So, I can understand it takes some amount of pressure to force the gasoline vapor into the charcoal, so there is still a residue when you open it. The actual pressure of the vapor seems limited, even in cases where I refilled a half-tank on a hot day, which means its going into the vapor can where its supposed to. So, I guess it's fine? I am just confused because I thought the two went together. Also, I have heard that such systems sometimes do not last for the life of the vehicle.

Offline The Latinist

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Re: The Car Maintenance and Repair Thread
« Reply #327 on: August 29, 2019, 06:21:44 PM »
I’m not really sure what you’re asking.
I would like to propose...that...it is undesirable to believe in a proposition when there is no ground whatever for supposing it true. — Bertrand Russell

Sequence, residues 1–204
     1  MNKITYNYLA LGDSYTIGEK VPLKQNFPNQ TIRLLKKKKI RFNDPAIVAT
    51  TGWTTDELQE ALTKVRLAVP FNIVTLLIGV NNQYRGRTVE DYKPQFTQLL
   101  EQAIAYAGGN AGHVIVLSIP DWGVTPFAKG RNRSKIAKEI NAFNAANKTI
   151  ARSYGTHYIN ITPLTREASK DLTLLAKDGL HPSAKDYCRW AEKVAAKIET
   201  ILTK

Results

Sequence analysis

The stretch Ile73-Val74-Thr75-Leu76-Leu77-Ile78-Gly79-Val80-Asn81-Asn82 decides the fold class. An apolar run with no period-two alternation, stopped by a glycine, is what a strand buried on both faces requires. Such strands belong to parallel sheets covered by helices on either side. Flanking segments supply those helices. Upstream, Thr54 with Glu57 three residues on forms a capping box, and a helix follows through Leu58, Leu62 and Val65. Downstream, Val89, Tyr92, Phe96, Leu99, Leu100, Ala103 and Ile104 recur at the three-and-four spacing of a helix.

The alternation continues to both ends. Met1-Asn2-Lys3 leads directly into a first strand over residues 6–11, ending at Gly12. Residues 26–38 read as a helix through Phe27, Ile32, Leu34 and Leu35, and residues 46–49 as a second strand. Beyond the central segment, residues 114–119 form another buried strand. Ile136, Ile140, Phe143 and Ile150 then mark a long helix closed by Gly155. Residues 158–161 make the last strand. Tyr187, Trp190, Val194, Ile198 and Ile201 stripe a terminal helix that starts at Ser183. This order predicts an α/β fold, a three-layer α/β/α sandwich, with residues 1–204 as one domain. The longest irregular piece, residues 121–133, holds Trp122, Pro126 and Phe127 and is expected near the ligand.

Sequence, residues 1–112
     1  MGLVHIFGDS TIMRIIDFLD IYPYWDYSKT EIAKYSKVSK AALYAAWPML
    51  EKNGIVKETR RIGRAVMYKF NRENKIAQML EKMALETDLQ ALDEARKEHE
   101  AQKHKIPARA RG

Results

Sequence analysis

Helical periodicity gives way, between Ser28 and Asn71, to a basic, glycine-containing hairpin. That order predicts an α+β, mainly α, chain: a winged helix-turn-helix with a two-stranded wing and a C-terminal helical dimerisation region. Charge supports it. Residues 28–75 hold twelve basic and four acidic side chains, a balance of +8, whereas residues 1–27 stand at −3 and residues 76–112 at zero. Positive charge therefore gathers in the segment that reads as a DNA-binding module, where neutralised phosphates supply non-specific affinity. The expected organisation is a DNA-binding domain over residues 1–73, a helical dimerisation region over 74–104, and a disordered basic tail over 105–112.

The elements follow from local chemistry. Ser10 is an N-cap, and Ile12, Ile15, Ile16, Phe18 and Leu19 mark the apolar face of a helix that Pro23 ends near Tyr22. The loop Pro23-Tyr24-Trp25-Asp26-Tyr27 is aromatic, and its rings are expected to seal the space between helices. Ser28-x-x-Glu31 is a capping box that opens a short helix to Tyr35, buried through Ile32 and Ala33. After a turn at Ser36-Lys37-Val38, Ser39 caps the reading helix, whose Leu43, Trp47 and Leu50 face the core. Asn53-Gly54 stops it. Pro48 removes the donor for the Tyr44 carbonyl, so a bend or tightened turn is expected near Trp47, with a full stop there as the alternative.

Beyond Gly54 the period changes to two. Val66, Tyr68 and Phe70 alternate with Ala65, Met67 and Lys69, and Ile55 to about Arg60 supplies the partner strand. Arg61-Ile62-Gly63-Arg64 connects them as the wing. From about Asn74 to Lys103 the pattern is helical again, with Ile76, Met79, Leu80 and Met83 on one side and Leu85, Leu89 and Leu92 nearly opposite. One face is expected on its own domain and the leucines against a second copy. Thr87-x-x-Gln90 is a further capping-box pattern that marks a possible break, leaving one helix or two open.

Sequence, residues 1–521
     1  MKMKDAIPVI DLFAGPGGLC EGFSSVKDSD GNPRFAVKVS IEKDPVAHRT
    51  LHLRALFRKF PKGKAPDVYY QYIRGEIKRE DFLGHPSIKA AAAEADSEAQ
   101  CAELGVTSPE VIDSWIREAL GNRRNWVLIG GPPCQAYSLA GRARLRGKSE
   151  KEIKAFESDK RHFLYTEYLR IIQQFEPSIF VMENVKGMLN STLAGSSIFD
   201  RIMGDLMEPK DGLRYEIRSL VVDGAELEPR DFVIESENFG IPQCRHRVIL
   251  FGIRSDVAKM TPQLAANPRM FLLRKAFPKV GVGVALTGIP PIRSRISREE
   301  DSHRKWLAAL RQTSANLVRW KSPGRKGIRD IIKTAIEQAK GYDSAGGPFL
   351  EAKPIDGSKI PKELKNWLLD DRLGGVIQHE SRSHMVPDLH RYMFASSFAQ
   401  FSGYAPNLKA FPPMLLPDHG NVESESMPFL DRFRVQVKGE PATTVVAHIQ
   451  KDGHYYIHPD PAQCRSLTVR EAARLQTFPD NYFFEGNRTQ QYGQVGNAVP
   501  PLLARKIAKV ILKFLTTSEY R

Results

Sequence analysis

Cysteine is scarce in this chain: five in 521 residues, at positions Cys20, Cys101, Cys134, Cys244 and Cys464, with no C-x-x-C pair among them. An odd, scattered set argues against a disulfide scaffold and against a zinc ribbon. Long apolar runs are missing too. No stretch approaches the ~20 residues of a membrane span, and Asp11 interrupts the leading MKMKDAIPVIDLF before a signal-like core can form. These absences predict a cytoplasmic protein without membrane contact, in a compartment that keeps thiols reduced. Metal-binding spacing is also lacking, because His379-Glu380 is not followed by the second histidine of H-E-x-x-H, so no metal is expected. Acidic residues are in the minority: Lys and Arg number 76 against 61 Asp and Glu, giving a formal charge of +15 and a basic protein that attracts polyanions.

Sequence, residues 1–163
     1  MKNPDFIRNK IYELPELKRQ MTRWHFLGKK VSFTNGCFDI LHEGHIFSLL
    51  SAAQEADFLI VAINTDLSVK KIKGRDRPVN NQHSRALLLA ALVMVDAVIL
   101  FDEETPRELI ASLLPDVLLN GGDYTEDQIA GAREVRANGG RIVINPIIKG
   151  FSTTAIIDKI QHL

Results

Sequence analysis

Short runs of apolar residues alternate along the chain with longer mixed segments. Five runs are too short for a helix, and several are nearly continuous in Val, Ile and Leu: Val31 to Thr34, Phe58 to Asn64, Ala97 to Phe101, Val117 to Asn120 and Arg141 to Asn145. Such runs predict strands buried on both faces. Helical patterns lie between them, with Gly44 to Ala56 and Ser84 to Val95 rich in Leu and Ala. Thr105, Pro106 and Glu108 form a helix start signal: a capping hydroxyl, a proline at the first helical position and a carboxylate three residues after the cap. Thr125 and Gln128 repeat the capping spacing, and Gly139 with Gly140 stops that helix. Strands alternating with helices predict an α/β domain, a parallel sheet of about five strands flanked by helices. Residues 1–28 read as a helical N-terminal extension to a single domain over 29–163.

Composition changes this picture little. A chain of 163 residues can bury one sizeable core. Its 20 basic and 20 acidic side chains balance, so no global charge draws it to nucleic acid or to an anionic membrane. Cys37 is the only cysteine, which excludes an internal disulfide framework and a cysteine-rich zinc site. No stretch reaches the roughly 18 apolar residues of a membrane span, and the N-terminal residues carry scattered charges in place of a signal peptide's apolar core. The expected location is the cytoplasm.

Offline HighPockets

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Re: The Car Maintenance and Repair Thread
« Reply #328 on: August 30, 2019, 10:13:02 AM »
On my '94 Honda Civic there is an audible 'hiss" when you unscrew the gas cap.  That's the way it's always been since I bought it new. While the whole EEC system is pretty passive it can cause a check engine light if something is not working as expected. but if it's the "hiss" that you hear, that you have concerns about? That's normal on my car, I just open the cap slow, stop when it hisses and then open it the rest of the way when it stops one sec later. 
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Offline stands2reason

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Re: The Car Maintenance and Repair Thread
« Reply #329 on: August 30, 2019, 10:31:17 AM »
No MIL (malfunction indicator lamp) or error codes. It just seems like a contradiction, that it has EEC, except gas vapor comes out when you open it. Basically, I am wondering I don't think more than a certain amount of vapor should come out, if the EEC system is working.